The game was obviously a Decisive Loyalist Victory by a rather rediculous margin.
The biggest factor was the variable start rolls went very badly for the Insurgents. They didn’t pick up much worthwhile, and lost several cities. The worst of it was that they lost 5 artillery units that the would have had with the historical outcome. The biggest problem operationally for the Insurgents was that the artillery shortage became so sever that there were several times they could have launched counterattacks but didn’t because if they had had to take any exchange losses out of supported units they had no way to rebuild them. Of course having more artillery units to start with would have done nothing to increase the amount of artillery RP’s recieved during the game, but it would have kept the shortage from being so constraining. I doubt that I would have wanted to play out the situation in a game against an opponent as opposed to a solitaire game.
Both sides had occasional supply problems. The Insurgents had plenty of attack supply, but low rail cap meant they often had trouble getting it to the front. After mid-’37, the Insurgents rarely attacked, so this was no longer a problem; by the end of the game they had huge amounts of supply stockpiled near the front, and still had lots sitting in port. The Loyalists, with more rail cap, had an easier time getting their supply to the front, but expended their entire allotment several times during the game. They only had problems getting supplies forward after they began directing their main attack up the low volumn rail line. Even then, there were times that all of their supply had been shipped forward and there was nothing left in the rear. The only big backlog of supply the Loyalists had was at Gijon, where they had a big stockpile due to not taking Oviedo and connecting Gijon to the rest of the rail net.
It seems to me that combat die rolls averaged out pretty evenly overall. However, the Insurgents did get the short end of air combat rolls in the early going. The air rolls did eventually even out, but by then the game was probably already decided.
Despite the relative lack of air power in FWtBT, air units can have a big impact on the game due to the general weakness of the ground units and low unit density. In other Europa games, you might often have combats where 100 points are attacking 30, and 3 or 4 points of GS or DAS won’t make much difference. In FWtBT, though, you may have lots of combats where 20 points are attacking 5, and those same 3 or 4 bombing strength points can make a big difference. 20:5 = 4:1, but add 3 point of GS and you get a 60% chance of the odds going to 5:1 if using incremental odds, but on the other hand 3 points of DAS instead lower the odds to 2:1 with a 80% chance of getting 3:1.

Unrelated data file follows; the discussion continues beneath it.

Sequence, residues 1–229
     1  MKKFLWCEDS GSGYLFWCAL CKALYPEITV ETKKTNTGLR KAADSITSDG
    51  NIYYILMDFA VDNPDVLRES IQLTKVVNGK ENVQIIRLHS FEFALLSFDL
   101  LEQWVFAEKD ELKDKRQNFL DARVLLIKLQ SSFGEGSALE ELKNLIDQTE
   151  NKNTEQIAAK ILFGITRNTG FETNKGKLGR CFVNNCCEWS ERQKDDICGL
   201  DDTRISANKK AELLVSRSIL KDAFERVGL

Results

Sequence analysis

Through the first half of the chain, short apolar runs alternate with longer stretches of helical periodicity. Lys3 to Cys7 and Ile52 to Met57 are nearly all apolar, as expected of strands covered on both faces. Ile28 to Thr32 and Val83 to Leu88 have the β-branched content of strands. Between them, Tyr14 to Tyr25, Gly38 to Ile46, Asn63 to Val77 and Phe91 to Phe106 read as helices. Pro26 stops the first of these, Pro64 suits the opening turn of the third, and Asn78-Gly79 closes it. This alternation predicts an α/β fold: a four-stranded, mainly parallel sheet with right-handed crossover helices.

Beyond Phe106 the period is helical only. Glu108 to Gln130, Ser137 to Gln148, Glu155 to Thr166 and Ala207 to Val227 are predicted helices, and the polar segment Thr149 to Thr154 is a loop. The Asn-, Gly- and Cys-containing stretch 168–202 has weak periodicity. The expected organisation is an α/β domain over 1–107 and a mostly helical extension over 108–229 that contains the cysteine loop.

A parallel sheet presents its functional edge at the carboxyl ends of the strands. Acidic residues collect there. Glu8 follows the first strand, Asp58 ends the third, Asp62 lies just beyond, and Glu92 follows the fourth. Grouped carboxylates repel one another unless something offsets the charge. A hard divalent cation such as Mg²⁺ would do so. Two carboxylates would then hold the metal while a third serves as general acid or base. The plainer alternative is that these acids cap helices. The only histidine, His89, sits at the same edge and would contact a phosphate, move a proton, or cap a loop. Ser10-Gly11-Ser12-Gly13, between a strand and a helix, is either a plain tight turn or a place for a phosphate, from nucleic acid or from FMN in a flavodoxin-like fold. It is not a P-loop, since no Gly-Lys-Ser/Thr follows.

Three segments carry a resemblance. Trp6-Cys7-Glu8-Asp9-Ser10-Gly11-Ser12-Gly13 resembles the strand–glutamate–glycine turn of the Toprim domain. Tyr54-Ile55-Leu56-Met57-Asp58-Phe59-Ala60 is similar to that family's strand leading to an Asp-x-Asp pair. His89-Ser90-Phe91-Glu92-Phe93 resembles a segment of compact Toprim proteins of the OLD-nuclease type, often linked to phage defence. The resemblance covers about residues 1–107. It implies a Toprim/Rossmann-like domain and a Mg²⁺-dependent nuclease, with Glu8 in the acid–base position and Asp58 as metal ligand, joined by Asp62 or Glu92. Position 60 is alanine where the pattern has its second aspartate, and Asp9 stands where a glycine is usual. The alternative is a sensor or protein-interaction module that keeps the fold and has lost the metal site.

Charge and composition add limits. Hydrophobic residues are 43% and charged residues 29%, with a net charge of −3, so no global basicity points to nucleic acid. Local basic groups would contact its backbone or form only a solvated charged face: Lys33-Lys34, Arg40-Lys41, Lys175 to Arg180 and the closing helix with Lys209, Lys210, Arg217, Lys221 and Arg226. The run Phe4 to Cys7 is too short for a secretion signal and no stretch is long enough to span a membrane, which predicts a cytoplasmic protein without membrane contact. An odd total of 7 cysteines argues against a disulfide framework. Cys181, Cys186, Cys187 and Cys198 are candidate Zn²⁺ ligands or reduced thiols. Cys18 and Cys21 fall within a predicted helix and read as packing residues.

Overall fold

The Insurgent position started off much weaker that the historical situation, but I see 4 key turns that lead to their defeat.
1) Aug I ’36. The Insurgent take Gijon, but lose it immediately to a
counterattack. The initial Insurgent attack went in at 3:2 odds and got lucky. There is no reason to send in attack this weak on such a key point. If you don’t want to commit more units than this to the North in ’36, don’t bother making an attack at all. Making this attack was definately a mistake, but was redeemed by a lucky die roll. Having been handed a gift, the Insurgents gave it right back by sending their fleet back to El Ferrol and letting the Loyalist have control of the seas off Gijon, letting their counterattack go in with NGS. Sending away the ships was easily the biggest, clearest mistake I made in the game. Letting the attack go in so weak to start with is I believe the second. (I took some chances at other times, and may have made some questionable decisions, but these were out-and-out mistakes.)
2) Jan I ’37. An attack on the rail line west of Madrid doesn’t do anything but waste supply. The Insurgent plan for ’37 called for secondary attacks in this area, but I shouldn’t have attacked here till the same time as the main attack offensive started in the north. Still, this is nowhere near as big a deal as #’s 1 & 3. (Probably a mistake, but it’s not absoluted clearly so.)
3) May II ’37. A 3:1 – 2 attack results in a disastrous AH, the destruction of the 13 XX (a 7-6, best division in the game), and the end of the last Insurgent offensive. It was risky, but had it succeeded, the Insurgents would have had a good chance to knock the Santanderos out of the game in a few more turns, which would have greatly increased the pressure on the Asturians and somewhat on the Basques. The Insurgents really have to knock the northern gobernitos out before the end of ’37 or else the VP awards for the gobernitos not falling really start to add up. The Insurgents were already behind schedule and this was really their last chance, so I don’t feel there was any other choice but to attack. (I definately do not consider this attack a mistake, but rather a big gamble that had to be taken and which completely backfired.)
4) July II ’37. Burgos is taken and the CVT wiped out in the loss. (I don’t feel that there was any Insurgent mistake in this, just a Loyalist gamble that paid off. The attack was a 2:1 straight up and resulted in a HX, so it was hardly a sure thing.)